Report: Majority of IRS S-Corp Audits Fruitless

July 31, 2012

Last week, the Treasury Inspector General for Tax Administration (TIGTA) Russell George released a new report outlining Internal Revenue Service (IRS) audits on S-corporations. The TIGTA is the top watch-dog over the IRS, charged with promoting and protecting fair tax administration.

The report shows that, in 62 percent of audits of S-corps, the IRS audit resulted in no recommended changes whatsoever from the original report filed by the s-corp owner.

The report raises a red flag, said George,  because, “… a high no-change percentage means the agency is spending a significant amount of resources on unproductive audits and burdening compliant taxpayers with unnecessary audits.”

According to the report, between FY 2007 and 2011, the Small Business/Self-Employed (SB/SE) Division within IRS “…completed 53,544 audits of S corporation returns and recommended $5.7 billion in adjustments to items reported on those returns. This was a 54 percent increase over the number of S corporation returns the IRS audited in the previous five-year period (FYs 2002 through 2006).”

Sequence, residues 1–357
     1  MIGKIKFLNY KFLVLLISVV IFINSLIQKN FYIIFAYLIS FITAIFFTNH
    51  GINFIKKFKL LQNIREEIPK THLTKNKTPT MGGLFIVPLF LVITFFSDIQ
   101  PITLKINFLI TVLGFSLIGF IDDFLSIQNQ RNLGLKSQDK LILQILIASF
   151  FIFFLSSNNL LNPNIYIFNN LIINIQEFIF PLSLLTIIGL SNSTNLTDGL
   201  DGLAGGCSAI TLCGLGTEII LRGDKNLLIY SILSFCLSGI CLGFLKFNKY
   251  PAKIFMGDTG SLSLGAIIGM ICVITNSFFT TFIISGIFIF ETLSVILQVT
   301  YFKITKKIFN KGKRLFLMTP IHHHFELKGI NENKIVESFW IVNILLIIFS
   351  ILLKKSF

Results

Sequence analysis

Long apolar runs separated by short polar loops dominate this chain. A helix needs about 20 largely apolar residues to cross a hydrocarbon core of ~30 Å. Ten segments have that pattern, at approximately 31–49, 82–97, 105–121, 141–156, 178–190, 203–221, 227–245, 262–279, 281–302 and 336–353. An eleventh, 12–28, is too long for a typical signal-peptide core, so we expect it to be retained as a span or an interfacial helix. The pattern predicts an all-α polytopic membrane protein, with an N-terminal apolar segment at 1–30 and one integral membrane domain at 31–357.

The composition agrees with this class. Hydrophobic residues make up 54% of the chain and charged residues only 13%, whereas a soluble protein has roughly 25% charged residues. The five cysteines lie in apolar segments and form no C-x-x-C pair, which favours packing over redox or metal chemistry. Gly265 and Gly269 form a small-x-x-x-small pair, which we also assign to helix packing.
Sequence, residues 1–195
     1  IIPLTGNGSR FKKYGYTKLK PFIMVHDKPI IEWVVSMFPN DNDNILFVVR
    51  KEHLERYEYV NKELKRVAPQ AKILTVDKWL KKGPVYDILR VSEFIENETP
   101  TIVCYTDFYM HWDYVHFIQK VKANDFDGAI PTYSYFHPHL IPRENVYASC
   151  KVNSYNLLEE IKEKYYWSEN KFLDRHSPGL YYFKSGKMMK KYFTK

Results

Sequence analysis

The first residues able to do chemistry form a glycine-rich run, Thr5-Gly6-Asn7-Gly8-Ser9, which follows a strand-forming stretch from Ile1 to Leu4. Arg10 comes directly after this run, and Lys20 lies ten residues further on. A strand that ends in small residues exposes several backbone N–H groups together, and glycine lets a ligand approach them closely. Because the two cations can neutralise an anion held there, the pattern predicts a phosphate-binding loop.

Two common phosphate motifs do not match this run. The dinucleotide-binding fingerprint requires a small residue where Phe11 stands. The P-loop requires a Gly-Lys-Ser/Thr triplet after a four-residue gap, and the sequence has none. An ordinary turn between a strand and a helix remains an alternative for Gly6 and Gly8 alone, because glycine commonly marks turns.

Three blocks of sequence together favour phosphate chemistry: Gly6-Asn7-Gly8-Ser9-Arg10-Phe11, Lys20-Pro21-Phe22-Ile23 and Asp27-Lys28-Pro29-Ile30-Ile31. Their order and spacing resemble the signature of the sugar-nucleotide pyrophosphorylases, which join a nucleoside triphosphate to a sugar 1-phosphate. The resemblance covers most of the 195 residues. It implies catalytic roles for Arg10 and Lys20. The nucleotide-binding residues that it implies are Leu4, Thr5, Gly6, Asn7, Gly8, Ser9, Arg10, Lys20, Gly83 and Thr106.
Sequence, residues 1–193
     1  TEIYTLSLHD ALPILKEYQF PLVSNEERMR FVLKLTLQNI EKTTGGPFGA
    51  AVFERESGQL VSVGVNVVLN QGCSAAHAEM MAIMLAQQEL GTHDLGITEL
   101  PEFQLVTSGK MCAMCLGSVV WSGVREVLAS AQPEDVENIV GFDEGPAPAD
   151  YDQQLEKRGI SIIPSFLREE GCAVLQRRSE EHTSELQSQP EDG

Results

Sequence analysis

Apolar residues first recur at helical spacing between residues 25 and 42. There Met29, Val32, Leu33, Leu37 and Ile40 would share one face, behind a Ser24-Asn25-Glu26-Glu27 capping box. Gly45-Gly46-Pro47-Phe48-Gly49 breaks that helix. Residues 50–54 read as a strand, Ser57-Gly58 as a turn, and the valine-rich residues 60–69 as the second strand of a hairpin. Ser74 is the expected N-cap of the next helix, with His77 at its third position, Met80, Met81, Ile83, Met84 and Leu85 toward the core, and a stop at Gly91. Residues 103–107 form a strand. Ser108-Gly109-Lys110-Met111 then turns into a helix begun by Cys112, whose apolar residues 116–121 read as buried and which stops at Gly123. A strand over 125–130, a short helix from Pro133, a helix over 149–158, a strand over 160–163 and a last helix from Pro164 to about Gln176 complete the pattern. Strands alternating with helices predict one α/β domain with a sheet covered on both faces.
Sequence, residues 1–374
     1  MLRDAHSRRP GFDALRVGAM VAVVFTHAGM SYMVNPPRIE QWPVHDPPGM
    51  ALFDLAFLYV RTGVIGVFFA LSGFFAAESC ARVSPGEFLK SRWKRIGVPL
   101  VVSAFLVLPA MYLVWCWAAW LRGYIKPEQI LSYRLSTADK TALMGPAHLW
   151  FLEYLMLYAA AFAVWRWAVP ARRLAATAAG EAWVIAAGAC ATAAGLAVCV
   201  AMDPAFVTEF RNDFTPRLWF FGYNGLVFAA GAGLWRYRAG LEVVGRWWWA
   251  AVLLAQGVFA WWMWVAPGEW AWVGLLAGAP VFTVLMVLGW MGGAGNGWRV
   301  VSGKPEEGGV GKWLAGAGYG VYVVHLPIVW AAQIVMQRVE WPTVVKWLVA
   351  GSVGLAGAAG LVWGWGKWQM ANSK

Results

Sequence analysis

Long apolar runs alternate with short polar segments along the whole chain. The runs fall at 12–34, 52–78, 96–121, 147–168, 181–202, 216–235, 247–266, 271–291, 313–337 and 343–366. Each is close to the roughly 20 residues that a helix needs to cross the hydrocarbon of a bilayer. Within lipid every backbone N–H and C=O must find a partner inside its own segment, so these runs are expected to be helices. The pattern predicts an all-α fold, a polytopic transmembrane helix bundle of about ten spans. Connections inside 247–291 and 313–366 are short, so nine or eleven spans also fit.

In light of the large dollar amount of adjustments recommended to s-corp audits in spite of the fact that the majority of audits produced no recommended adjustments, TGTA has unfortunately predicted that this “…will likely lead to an increase in the number of S corporation audits. “

Despite this eye-opening report, TIGTA did not identify any significant quality problems causing the high rate of no-change audit outcomes. The report did, however recommend that the SB/SE Division reevaluate the method of selecting s-corps for audits.

IRS officials agreed with TIGTA’s recommendations and stated that they plan to take corrective actions.

Within the context of IRS efforts to close the so-called “tax gap,” the report may shed new light on small businesses role in contributing to the gap—which is the difference between IRS estimated taxes owed and those actually paid. IRS has cited that underreporting represents about 80 percent of the total tax gap, and of that, they say small business is responsible for 66 percent.

NSBA has continually questioned these numbers and pointed to ever-increasing tax complexity as a massive burden weighing down the small-business community.

Please click here to read the report.